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  1. #1
    Join Date
    Aug 2009
    Posts
    287

    Changed my first *&^)_&&^%$ tire

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    GRRRRRR! UUUUUUUGGGGHHHHHH!!! (Those are screams of frustration)

    I had to change my first tire. Thank God it was a front tire. The house probably wouldn't be standing if I'd tried the rear tire.

    First, I got all my cold weather clothes on and went out expecting to go on a nice bike ride. I hooked up my shiny new bicycle pump with the built-in pressure gage to check the tire pressure (first mistake - I'm pretty sure I've been hooking it up wrong all along) and, like always, it said "20 lbs" and then when I pumped the pump it felt like air wasn't even going in but then the gage read 200 lbs after, like, 2 pumps. So I pumped it 6 more times or so (all the while thinking - 'this thing doesn't feel like it's pumping right) and when the little needle settled around 110 I pulled it off. Then I noticed the little wire thing at the end of the presta valve was bent (the part that the tiny little thing screws up and down on) and I thought "ah! That's why the pump isn't acting right!" so I tried to bend the wire thing and it broke off.

    So I thought "time to change my first tire" and brought the bike in the house where I could take my time.

    1. Since the valve was broken I had to find something to poke in the middle of it to let out all the air

    2. then I used my tire levers to start taking off the tire and getting the inner tub out and realized I needed to take the wheel off first.

    3. So I opened my break and then opened the "quick release" to take the tire off. It was not "quick" and took all of my muscles to release the $#&^ thing.

    4. Got really hot and sweaty and changed out of my cold weather clothes.

    5. Took out the skewer and a spring fell out- not sure which way it was in.

    6. Took the wheel off and took out the inner tube.

    7. Blew a little air in the new inner tube and got the tube in without twisting it and started feeling very sure of myself.

    8. Got the tire back on the rim - yay! But noticed it was kind of hard to get the edge tucked back in around the presta valve.

    9. Put the wheel on and put the skewer through and stuck the spring on there (hope it's in the right place) and screwed the little nut on the end of the skewer.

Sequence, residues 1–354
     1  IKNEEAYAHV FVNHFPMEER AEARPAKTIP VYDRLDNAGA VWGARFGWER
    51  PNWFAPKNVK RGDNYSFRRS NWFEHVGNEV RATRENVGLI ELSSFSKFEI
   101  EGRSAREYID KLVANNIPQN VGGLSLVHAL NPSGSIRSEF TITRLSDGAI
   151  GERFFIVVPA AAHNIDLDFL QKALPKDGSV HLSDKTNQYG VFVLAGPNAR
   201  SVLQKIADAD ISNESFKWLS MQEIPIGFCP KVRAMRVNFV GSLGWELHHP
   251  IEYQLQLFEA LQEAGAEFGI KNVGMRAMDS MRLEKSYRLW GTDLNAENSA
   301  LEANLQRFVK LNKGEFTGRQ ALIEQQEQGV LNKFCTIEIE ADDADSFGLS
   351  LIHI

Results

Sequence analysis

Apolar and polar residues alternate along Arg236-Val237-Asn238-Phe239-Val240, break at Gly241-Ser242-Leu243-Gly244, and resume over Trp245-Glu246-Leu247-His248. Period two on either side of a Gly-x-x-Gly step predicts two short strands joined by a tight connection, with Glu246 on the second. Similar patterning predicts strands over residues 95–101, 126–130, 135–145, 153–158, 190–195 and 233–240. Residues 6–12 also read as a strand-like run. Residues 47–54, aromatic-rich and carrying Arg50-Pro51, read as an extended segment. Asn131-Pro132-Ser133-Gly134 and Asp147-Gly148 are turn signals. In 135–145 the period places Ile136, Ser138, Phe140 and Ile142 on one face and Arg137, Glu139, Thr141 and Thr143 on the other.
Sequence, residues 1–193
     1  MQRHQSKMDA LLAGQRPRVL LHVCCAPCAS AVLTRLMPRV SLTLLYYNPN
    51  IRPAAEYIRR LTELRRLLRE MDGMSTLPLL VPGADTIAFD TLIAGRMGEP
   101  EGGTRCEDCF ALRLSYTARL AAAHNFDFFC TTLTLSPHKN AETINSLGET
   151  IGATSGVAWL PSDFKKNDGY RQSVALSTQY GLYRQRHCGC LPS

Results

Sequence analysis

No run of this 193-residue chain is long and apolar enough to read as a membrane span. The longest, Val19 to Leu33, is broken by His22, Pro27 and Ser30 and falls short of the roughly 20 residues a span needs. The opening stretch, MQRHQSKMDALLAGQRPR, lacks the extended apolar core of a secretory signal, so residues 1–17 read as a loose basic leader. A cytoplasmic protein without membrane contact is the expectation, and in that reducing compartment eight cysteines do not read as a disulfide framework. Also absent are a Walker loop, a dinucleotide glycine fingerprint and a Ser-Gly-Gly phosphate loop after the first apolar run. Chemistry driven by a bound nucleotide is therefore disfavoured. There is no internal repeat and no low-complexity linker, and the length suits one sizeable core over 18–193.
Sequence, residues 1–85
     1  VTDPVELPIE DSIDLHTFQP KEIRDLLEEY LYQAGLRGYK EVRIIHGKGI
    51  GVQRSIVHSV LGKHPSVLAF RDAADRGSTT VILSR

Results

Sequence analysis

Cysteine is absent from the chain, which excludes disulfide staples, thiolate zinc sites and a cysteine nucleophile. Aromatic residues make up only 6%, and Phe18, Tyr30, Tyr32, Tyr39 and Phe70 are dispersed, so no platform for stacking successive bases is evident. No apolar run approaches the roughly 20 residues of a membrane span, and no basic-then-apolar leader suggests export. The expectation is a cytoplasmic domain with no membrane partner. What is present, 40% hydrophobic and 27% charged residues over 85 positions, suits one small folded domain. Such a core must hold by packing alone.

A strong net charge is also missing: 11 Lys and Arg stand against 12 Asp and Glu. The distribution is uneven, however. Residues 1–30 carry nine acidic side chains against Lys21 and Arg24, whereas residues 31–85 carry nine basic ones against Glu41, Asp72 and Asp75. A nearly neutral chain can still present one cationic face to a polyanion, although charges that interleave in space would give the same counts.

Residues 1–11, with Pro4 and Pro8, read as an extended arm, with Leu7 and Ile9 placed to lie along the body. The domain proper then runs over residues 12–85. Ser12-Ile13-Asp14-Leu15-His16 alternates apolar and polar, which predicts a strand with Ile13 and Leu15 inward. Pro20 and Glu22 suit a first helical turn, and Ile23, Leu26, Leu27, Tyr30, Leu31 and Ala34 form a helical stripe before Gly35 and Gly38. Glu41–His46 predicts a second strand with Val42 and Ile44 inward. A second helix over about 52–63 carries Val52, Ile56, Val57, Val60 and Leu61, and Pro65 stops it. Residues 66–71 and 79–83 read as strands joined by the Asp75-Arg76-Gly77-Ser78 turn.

10. Turned the "quick release" lever nice and tight while I was holding the nut on the other side and then started trying to close the $*%^@$ (*&^%$# lever (remembering that the lever must line up with the fork). I used all of my arm muscles until they were quivering - jamming the bike's stem up against the corner of a wall and shoving with all my might. No success. So I layed on the floor and tried to press with my feet. No success. So I unscrewed the lever one revolution and then VOILA!!! I was able to close the lever using only my hands!

    11. Examined the dent I left in the corner of the wall.

    12. Closed the brakes.

    13. Pumped up the tire.

    14. Said "What a good girl am I!!!!"

    15. Looked at the back tire for comparison and realized there was a bolt on the valve stem, holding it tight to the tire rim - realized I'd left the bolt on the valve and it's now inside the $&)*)$#@& tire.

    16. Sat down to write you.

    So - tomorrow I'm going to do the whole thing over again and get the stupid bolt out of the stupid tire. I didn't get to ride my bike and now I have to get ready for work, and I won't have time to ride it tomorrow because I'll be putting myself through this again!

    UUUUUUGGGGGGGHHHHHHHH!

  2. #2
    Join Date
    Sep 2009
    Location
    Colorado
    Posts
    37
    I feel your pain. I know my time to change a tire is comming soon and it make me a little nervous. I make sure i take cell phone and cab fare incase I cannot do it alone.


  3. #3
    Join Date
    Aug 2007
    Location
    SF Bay Area
    Posts
    57
    It might not be a bad idea to go through the process of fixing a flat before you actually have one. I mean physically take the tube out, etc. so that when the real flat comes its old hat and you already have the experience of taking the tire off the rim and so forth. It's much easier to fix a flat in the comfort of your own home.

    Practice makes perfect!

  4. #4
    Join Date
    Jul 2007
    Location
    Rhode Island
    Posts
    1,365
    This is a good how-to video on changing a tire. Pop some popcorn and enjoy!

    http://www.youtube.com/watch?v=i5K-DXt9djA
    I can do five more miles.

  5. #5
    Join Date
    Sep 2009
    Location
    Tucson, AZ
    Posts
    1,973
    Oh- I feel your pain. I am a recent returnee to cycling (long hiatus since high school) and had to relearn about flat tires, presta valves, pumps etc. My first flat on the new bike also showed up at home. I had already watched two videos and my dh was on hand to walk me through it, but it still interrupted ride plans. I have had about 5 flats in the last month or so because I live in the desert and we have thorns everywhere. So I now have gator skin tires with kevlar and have high hopes to avoid getting any more. (was going to make a bad pun about having those hopes deflated by more punctures....)

  6. #6
    Join Date
    Sep 2006
    Location
    Oslo, Norway
    Posts
    4,066
    sorry to laugh but that was a pretty hilarious description of one's first tube change Well done! You've made about half the mistakes you can make, don't have to make them again, but can move on to the remaining half!
    Winter riding is much less about badassery and much more about bundle-uppery. - malkin